5 die of swine flu in Snohomish County

Five more people have died of swine flu in Snohomish County in just the past several weeks, a sudden jump in deaths from a disease that health officials say is anything but benign.

All the deaths were announced by the Snohomish Health District late Wednesday evening.

The public health agency received test results over the past several days that confirmed the patients died from swine flu, said Dr. Gary Goldbaum, the county’s health officer.

“We were receiving word that there were several (test results) pending,” Goldbaum said. “We wanted to get all the information rather than announcing one after another after another.”

These are the first confirmed deaths from the virus since two men died in the spring, raising the total number of swine flu deaths in the county to seven.

The recent deaths include a 5-month-old boy from Tulalip, first suspected of having died from the virus last month.

The other deaths involved a Snohomish man in his 50s who died on Nov. 20; a Marysville man in his 50s who died on Nov. 24; a Bothell woman in her 60s who died on Nov. 24; and an Everett woman in her 20s who died on Dec. 2.

All but one had some underlying health condition, such as asthma, diabetes or heart problems, which increases the chances of people dying from swine flu.

The cluster of deaths follows a steep increase in swine flu cases both locally and nationally in October, swamping emergency rooms and causing high rates of absenteeism in schools.

Hospitalizations and deaths tend to continue even after the peak in number of new influenza cases has begun to wane, according to officials at the Centers for Disease Control and Prevention.

“People can be sick in the hospital for quite some time,” Goldbaum said, noting one of the patients was first hospitalized Oct. 28.

Goldbaum said he does not know of any other pending tests on deaths that might be linked to swine flu.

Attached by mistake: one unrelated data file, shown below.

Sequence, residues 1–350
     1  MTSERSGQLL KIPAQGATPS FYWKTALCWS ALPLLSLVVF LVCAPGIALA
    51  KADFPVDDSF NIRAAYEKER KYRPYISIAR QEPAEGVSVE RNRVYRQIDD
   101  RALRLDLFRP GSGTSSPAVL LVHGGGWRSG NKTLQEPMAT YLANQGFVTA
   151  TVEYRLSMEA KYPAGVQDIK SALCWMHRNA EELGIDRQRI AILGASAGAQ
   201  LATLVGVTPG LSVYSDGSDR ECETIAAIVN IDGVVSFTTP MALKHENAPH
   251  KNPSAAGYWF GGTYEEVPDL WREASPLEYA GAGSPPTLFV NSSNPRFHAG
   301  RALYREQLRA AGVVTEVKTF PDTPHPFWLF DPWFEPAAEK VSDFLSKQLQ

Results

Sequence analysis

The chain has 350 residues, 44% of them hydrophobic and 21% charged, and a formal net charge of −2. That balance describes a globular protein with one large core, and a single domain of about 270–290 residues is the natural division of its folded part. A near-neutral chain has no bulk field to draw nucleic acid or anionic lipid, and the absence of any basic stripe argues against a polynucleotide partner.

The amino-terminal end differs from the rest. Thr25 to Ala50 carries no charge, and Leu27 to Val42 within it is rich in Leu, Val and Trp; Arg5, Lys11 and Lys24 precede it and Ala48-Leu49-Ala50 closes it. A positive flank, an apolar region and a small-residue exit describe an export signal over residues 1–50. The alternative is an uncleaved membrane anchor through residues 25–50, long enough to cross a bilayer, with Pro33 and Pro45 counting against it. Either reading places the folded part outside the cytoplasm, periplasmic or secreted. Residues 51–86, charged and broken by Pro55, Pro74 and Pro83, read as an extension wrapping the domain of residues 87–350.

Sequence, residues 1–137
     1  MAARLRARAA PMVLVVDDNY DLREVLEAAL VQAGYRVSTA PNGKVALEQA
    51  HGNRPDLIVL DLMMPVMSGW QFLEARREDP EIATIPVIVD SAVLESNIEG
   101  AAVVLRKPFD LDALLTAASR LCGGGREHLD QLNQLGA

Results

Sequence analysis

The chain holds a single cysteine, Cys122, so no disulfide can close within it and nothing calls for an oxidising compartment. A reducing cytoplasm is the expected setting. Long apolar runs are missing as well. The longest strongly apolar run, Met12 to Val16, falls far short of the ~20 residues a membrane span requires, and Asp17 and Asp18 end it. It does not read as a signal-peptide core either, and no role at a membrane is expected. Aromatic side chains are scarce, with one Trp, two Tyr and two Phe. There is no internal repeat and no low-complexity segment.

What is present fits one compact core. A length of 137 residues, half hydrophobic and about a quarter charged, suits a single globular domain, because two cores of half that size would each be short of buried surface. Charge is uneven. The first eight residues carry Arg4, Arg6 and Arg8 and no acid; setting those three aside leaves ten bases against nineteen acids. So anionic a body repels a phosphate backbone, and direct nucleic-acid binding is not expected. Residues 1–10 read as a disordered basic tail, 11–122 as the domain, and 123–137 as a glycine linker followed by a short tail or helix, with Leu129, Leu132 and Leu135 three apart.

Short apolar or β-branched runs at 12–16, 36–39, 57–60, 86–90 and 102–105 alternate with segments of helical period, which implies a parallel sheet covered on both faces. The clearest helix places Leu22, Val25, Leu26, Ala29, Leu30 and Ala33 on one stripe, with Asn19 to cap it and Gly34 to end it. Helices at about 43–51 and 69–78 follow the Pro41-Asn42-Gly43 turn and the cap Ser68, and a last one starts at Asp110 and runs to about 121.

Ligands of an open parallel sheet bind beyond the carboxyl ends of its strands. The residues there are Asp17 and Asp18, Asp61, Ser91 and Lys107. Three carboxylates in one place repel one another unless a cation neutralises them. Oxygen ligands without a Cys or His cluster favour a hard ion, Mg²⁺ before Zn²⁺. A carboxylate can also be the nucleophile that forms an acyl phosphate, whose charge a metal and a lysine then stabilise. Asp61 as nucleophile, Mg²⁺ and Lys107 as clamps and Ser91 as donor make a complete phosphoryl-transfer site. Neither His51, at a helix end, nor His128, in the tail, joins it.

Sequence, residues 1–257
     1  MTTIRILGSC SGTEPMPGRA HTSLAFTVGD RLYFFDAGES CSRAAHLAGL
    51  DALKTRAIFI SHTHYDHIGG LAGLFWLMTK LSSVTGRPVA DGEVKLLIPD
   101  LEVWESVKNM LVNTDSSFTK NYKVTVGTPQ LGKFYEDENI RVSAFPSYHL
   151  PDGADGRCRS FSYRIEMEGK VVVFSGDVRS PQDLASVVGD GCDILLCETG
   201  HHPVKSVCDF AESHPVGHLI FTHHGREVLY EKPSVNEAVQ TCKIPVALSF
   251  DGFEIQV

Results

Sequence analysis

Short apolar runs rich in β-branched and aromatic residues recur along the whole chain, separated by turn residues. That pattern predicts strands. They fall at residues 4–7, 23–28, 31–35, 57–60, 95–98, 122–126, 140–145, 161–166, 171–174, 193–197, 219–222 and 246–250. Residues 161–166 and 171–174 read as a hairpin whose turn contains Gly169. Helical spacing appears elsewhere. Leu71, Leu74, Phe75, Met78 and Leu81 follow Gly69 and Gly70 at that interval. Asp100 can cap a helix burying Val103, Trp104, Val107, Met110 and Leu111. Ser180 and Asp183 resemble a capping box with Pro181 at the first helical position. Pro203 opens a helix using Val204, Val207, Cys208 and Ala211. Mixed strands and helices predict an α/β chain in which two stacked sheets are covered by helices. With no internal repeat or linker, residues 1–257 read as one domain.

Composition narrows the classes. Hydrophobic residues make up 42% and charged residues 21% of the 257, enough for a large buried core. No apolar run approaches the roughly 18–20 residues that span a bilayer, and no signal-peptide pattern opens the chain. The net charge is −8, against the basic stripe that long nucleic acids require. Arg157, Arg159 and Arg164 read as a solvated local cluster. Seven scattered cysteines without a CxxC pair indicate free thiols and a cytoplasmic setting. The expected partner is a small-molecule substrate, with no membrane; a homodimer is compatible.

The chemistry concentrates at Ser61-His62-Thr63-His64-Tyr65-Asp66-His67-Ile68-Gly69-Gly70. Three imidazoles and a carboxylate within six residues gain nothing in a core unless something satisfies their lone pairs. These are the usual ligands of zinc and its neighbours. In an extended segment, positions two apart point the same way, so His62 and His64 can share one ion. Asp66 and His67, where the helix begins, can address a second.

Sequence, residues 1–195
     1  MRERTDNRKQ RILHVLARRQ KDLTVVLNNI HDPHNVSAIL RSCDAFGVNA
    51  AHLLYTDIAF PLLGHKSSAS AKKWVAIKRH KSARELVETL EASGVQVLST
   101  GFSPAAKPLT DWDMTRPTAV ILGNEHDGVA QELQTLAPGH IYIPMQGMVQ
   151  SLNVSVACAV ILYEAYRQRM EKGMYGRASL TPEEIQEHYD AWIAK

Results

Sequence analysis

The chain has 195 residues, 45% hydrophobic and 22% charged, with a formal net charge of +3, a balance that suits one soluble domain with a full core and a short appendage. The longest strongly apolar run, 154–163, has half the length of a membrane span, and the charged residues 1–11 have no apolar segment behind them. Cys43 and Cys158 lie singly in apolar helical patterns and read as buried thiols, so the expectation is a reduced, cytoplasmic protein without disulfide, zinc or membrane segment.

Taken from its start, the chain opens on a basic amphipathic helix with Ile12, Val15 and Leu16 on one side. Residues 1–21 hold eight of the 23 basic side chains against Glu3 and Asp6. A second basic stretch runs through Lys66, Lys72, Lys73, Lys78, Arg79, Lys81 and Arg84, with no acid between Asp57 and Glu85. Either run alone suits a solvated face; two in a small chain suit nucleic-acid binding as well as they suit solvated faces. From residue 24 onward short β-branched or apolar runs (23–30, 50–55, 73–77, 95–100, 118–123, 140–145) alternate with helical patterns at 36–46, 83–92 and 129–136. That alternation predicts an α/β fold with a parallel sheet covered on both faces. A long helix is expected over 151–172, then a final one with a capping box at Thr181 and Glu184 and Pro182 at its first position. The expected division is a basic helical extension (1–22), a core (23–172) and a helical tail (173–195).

Although all five deaths came within a few weeks, it doesn’t mean that swine flu has become more deadly or that it is hitting Snohomish County harder, he said.

Based on the number of people living in the county, about 700,000 people, “we could have expected there would be a number of deaths,” Goldbaum said.

“It’s a reminder to us that this is not a benign disease. We need to take precautions. That would be my key message.”

Two men from Snohomish County died earlier this year from complications of swine flu. One was a 39-year-old man from Lynnwood, who died in May, and the other, in his 50s, was from Snohomish, who died in June. Both died of viral pneumonia after the swine flu weakened their immune systems.

Over the past eight weeks, about 100,000 doses of swine flu vaccine have been delivered to Snohomish County. Another 75,000 doses are expected to arrive within the next three weeks, Goldbaum said.

However, those doses will be restricted to those groups at highest risk of severe health complications from swine flu, including pregnant women, people who live with or care for children younger than 6 months of age, health care and emergency medical services workers, people 6 months through 24 years; and adults 25 through 64 years of age with chronic health conditions or weakened immune systems.

The vaccine is not yet available to seniors because swine flu, unlike seasonal flu, can hit younger people, those under 65, harder.

There’s no date for when the vaccine will be offered more broadly to anyone who wants it, Goldbaum said. That decision depends on just how much vaccine is delivered in the county and when it arrives.

Public health officials continue to urge people to take other steps to help stop the spread of the virus, including frequent hand washings, covering your cough and staying home when you’re sick.

Sharon Salyer:425-339-3486 or salyer@heraldnet.com.

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